In the nearly 130 years since Arthur’s death, his former home has undergone many alterations. Interestingly, William Randolph Hearst owned it for a bit around 1907. The facade was stripped to bare brick, the upper floors were divided into apartments, and the first two floors became a commercial space. In 1964, a commemorative bronze plaque was installed on the building, and the following year the building was designated a national historic landmark. The famous Kalustyan’s specialty food store has occupied the retail space since 1944.

Theodore Roosevelt

Theodore Roosevelt Birthplace, 28 East 20th Street, NYC house museums, NYC homes of U.S. Presidents
Theodore Roosevelt Birthplace and the adjacent museum space via National Park Service (L); The sitting room recreation (R)

Theodore Roosevelt was the only U.S. President born in NYC. He was raised in a townhouse at 28 East 20th Street that was built in 1848. The Roosevelt family bought it in 1854, and four years later the 26th president of the United States was born at this address. The three-story brownstone boasted a mansard roof, high stoop, and a Gothic Revival-style doorway and hooded window moldings. Since Teddy was a rather sickly child (though very bright), he created an exercise program that he did in the house’s outdoor gym. This is credited with beginning his lifelong passion for “the strenuous life.” The family lived here until 1872, at which time they moved to a home on West 57th Street.

In 1916, 28 East 20th Street was demolished, but just three years later when President Roosevelt died, the Women’s Roosevelt Memorial Association purchased the site. They hired well-known female architect Theodate Pope Riddle to reconstruct the home and design a museum at the adjacent lot. The house was rededicated in 1923, and in the years that followed it was outfitted with furnishings original to the house, gifted by the President’s widow Edith and his sisters. Both the exterior and interior were recreated to look as the home did in 1865. Today, the site is known as the Theodore Roosevelt Birthplace and includes five period rooms, two museum galleries, and a bookstore.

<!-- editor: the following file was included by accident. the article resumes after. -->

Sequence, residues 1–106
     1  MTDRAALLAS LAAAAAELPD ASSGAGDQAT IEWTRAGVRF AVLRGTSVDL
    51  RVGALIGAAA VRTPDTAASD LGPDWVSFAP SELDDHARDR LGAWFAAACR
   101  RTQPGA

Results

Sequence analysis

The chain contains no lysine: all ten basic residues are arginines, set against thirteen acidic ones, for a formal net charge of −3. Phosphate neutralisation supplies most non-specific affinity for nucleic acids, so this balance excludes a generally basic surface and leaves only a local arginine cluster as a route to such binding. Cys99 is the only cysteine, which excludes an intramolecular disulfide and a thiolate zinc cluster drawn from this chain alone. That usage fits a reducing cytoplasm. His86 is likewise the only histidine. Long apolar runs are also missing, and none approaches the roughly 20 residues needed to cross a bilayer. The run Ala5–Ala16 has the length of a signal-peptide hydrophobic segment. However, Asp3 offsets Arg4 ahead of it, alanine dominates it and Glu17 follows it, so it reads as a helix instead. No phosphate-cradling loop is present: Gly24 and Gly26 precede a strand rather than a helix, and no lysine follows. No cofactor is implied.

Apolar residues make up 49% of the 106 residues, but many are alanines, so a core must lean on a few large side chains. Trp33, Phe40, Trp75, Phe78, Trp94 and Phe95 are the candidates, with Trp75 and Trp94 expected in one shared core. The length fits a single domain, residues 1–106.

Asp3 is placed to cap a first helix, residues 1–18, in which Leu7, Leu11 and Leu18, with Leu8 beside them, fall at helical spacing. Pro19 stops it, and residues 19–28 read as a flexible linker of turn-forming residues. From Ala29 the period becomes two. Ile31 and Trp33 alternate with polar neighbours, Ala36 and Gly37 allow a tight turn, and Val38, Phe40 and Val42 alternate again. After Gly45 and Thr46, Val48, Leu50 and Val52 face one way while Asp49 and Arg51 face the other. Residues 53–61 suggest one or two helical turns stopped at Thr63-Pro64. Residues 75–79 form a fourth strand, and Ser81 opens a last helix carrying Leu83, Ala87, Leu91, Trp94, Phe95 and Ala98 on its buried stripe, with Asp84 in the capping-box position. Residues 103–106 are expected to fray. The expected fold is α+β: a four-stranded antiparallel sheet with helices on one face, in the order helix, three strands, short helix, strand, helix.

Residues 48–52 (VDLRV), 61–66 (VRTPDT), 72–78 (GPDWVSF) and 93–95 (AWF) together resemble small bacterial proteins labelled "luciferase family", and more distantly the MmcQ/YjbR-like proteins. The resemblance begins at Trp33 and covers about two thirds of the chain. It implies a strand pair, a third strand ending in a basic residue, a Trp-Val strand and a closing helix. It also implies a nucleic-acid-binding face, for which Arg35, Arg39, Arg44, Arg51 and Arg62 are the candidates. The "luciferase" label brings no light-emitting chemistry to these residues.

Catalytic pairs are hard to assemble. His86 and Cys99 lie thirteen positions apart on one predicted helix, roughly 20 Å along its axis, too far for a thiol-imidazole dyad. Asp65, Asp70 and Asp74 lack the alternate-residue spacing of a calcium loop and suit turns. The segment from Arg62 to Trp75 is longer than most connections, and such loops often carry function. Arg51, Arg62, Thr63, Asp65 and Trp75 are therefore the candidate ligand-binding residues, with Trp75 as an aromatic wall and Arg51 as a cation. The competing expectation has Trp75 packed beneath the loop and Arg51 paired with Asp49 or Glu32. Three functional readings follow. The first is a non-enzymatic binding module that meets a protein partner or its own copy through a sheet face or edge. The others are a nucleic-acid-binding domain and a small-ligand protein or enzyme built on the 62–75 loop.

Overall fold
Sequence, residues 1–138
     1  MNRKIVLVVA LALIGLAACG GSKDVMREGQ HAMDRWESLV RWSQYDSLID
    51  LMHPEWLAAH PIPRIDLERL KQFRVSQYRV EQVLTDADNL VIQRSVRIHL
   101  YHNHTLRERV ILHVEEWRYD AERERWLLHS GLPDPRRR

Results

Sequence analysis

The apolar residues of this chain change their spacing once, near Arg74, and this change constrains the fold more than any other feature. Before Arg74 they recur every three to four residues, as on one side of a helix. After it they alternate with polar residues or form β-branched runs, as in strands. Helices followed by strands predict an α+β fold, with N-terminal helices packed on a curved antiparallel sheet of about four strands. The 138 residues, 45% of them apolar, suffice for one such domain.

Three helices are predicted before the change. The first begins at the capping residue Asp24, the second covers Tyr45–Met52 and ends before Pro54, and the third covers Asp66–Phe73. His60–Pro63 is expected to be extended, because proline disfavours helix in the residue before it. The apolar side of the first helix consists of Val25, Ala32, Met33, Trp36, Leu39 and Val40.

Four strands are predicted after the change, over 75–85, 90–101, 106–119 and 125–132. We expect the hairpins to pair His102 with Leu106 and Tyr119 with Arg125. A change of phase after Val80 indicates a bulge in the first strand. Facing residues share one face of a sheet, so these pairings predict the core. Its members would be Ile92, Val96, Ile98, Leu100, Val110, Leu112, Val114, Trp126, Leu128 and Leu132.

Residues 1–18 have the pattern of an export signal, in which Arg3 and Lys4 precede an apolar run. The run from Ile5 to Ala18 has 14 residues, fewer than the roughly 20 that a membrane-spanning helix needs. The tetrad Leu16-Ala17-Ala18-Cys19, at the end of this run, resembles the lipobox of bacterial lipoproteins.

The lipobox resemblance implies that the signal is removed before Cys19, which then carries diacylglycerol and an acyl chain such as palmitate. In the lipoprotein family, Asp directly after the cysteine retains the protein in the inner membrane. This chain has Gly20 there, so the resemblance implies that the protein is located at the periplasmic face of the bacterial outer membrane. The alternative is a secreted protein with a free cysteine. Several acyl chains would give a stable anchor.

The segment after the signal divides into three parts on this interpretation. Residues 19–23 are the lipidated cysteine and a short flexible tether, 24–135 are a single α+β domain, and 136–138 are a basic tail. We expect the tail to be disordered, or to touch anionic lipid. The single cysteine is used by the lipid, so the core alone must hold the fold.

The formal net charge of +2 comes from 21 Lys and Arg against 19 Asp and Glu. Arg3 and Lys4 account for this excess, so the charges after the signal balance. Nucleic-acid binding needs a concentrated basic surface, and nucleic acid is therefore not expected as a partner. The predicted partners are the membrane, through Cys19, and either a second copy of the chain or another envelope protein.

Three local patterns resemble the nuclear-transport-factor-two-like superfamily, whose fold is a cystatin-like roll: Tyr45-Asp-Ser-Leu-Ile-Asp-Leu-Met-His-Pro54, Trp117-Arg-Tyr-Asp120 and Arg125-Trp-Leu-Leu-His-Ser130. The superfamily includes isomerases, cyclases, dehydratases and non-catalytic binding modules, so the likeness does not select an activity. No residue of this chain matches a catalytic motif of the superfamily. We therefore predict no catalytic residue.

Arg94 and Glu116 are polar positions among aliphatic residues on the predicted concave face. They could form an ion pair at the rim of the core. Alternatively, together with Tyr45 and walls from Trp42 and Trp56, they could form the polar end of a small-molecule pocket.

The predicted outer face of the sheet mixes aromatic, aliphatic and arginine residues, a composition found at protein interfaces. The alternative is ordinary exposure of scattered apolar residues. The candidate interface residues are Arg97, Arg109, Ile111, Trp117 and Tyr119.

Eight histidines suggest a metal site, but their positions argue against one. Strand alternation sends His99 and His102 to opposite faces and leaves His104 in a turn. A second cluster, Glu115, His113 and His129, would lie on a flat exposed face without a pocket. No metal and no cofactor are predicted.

Just last month, the National Park Service, who oversees the national historic site, announced that the Birthplace would close until next year to accommodate a $3.7 million renovation. The building will get an upgrade to its fire and electric systems and become more ADA accessible.

Barack Obama

president obama's Columbia college apartment, where president obama has lived, president obama nyc apartment
Obama’s former apartment at 142 West 109th Street via Citi Habitats

president obama's Columbia college apartment, where president obama has lived, president obama nyc apartment
A picture of Obama in the doorway of his West 109th Street apartment; the photo came with the listing, via Citi Habitatas

There’s been a lot of talk lately about President Obama moving his family to New York City when he finishes his second term in office, a relocation that seems quite plausible since college-bound Malia has already toured Columbia, NYU, and Barnard and since the president himself attended Columbia and had a few apartments around the city.

President Obama started his college career at Occidental College in Los Angeles, but in 1981, during his junior year, he transferred to Columbia University. His first apartment in Morningside Heights was located at 142 West 109th Street. He shared the standard two-bedroom pad with his buddy Phil Boerner, and they each paid a measly $180 a month. This past fall the apartment was on the market for $2,300 a month.

Next, Obama moved to a sixth-floor walkup at 339 East 94th Street, where he lived during his senior year and shortly thereafter. In his memoir he described the apartment:

It was an uninviting block, treeless and barren, lined with soot-colored walk-ups that cast heavy shadows for most of the day. The apartment was small, with slanting floors and irregular heat and a buzzer downstairs that didn’t work, so that visitors had to call ahead from a pay phone at the corner gas station, where a black Doberman the size of a wolf paced through the night in vigilant patrol, its jaws clamped around an empty beer bottle.

His final home in NYC was back on the west side at 662 West 114th Street, where he lived as a boarder in a fourth-floor walkup. Known as Revere Hall, the building had also once been home to Cecil B. DeMille. Obama lived here until he moved to Chicago in the summer of 1985.

Of course, these are only the more permanent addresses of our nation’s leaders, but the presidential history in NYC extends far and wide–from Abraham Lincoln’s famous speech at Cooper Union to presidential hopeful Hilary Clinton setting up her campaign headquarters in Brooklyn Heights. Stay tuned for more…


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  • Richard Rabinowitz

    and now we stand to add Trump Tower to that.